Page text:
Genetic analysis of hereditary deafness
In the early 1990s, gaps in knowledge of the molecular physiology of hearing were attributed to the small number of cells in the cochlea, the auditory sensory organ. There are only 3,000 to 4,000 inner hair cells – true sensory cells – in humans. They could not be characterized at molecular level using the standard biochemistry and molecular biology approaches. Christine Petit saw an approach via genetic means as very promising. She therefore overcame issues that, until that point, had hindered genetic analysis of hereditary deafness, an essential step in identifying these genes. By studying hearing-impaired consanguine families living in geographical isolates in Tunisia, Lebanon, Jordan, Iran and Algeria (thanks to partnerships established with geneticists in these countries), she successfully localized the first two genes responsible for profound congenital hearing loss in human chromosomes. When defective, the gene coding for connexin 26 alone accounts for nearly half of cases of severe or profound congenital hearing loss in certain countries. At the Institut Pasteur, she discovered several dozen genes responsible for isolated deafness or deafness associated with other impairments. These genes are responsible for the most common forms of deafness, and mainly congenital forms. They include the gene coding for stereocilin, which is responsible for the most common form of moderate to severe congenital hearing loss. Thanks to the identification of these genes, molecular diagnosis of deafness has gradually become available to those with hearing difficulties in many countries.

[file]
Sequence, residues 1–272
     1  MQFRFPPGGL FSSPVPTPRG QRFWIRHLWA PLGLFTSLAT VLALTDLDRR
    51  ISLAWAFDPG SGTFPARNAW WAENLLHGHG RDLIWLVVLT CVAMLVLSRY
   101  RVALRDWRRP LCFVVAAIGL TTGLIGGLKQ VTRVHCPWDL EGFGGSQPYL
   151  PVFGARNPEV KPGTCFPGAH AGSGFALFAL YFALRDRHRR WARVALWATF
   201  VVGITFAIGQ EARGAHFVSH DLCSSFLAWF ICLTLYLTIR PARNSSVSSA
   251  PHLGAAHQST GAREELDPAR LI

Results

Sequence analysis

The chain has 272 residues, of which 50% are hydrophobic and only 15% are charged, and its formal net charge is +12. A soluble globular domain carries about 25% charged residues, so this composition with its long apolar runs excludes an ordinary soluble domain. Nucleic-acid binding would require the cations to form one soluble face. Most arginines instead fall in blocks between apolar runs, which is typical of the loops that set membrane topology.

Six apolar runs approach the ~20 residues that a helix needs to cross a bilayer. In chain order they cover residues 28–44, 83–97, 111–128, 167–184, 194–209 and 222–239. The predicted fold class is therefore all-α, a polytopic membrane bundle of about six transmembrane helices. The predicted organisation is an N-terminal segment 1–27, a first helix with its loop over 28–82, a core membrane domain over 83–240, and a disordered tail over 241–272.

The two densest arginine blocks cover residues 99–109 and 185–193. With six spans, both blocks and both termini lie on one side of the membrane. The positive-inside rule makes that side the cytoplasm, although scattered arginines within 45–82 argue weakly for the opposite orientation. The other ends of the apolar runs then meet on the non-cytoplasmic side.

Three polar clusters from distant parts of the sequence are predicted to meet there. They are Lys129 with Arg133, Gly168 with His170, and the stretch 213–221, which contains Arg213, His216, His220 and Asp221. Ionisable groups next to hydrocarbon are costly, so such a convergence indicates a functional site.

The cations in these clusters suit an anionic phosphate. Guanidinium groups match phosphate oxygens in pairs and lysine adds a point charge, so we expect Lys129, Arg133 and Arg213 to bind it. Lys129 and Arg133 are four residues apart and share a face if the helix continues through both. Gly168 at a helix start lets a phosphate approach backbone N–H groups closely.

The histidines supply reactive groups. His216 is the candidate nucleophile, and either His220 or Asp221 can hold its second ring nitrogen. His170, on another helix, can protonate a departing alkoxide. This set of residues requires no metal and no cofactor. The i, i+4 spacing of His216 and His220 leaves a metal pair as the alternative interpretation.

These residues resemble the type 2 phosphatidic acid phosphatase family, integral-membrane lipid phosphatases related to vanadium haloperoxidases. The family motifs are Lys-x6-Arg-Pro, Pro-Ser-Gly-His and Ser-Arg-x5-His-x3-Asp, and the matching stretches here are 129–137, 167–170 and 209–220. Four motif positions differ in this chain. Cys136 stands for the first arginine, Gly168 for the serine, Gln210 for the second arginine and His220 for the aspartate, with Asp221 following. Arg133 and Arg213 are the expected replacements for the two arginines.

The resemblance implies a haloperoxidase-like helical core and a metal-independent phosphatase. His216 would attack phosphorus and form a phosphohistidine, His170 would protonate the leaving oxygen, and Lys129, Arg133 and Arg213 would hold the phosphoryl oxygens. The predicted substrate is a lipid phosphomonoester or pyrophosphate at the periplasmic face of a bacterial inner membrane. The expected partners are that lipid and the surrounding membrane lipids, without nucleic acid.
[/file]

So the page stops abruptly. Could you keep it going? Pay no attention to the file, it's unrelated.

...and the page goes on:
From research into the auditory system to treatment
A period of unprecedented progress in knowledge of the normal and pathological auditory system then followed. With her team, Professor Petit discovered numerous mechanisms that underpin sound processing in the cochlea and she also classified deafness types based on their pathogenesis. The interdisciplinary approach conducted with Paul Avan from the University of Auvergne was particularly fruitful. By focusing her research on sensory cells and especially the structures that give them their specific functional aspects – their bouquets of apical protrusions that respond to sound stimulation, their cell junctions continually solicited by mechanical sound stimulation, and their synapse with remarkable physiological properties – their function and malfunction could be explained by molecular means. From then on, therapeutic possibilities were explored, with a particular focus on gene therapy. This is, in fact, the aim of the research she is conducting with her team at the Institut Pasteur today (see the recent press release on Usher syndrome: gene therapy restores hearing and balance).